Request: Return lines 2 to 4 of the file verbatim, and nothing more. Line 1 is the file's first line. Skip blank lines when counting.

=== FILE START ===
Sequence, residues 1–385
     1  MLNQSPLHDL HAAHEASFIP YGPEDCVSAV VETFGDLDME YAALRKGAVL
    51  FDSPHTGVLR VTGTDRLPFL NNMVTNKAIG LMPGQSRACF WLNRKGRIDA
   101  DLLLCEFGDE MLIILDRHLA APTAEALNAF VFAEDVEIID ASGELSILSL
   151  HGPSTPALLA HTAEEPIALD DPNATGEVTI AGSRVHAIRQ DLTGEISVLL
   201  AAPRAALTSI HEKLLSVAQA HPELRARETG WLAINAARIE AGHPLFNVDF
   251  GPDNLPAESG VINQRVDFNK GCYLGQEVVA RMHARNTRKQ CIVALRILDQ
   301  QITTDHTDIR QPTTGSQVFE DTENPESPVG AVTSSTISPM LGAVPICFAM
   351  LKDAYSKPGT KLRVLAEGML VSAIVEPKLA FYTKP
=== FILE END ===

     1  MLNQSPLHDL HAAHEASFIP YGPEDCVSAV VETFGDLDME YAALRKGAVL
    51  FDSPHTGVLR VTGTDRLPFL NNMVTNKAIG LMPGQSRACF WLNRKGRIDA
   101  DLLLCEFGDE MLIILDRHLA APTAEALNAF VFAEDVEIID ASGELSILSL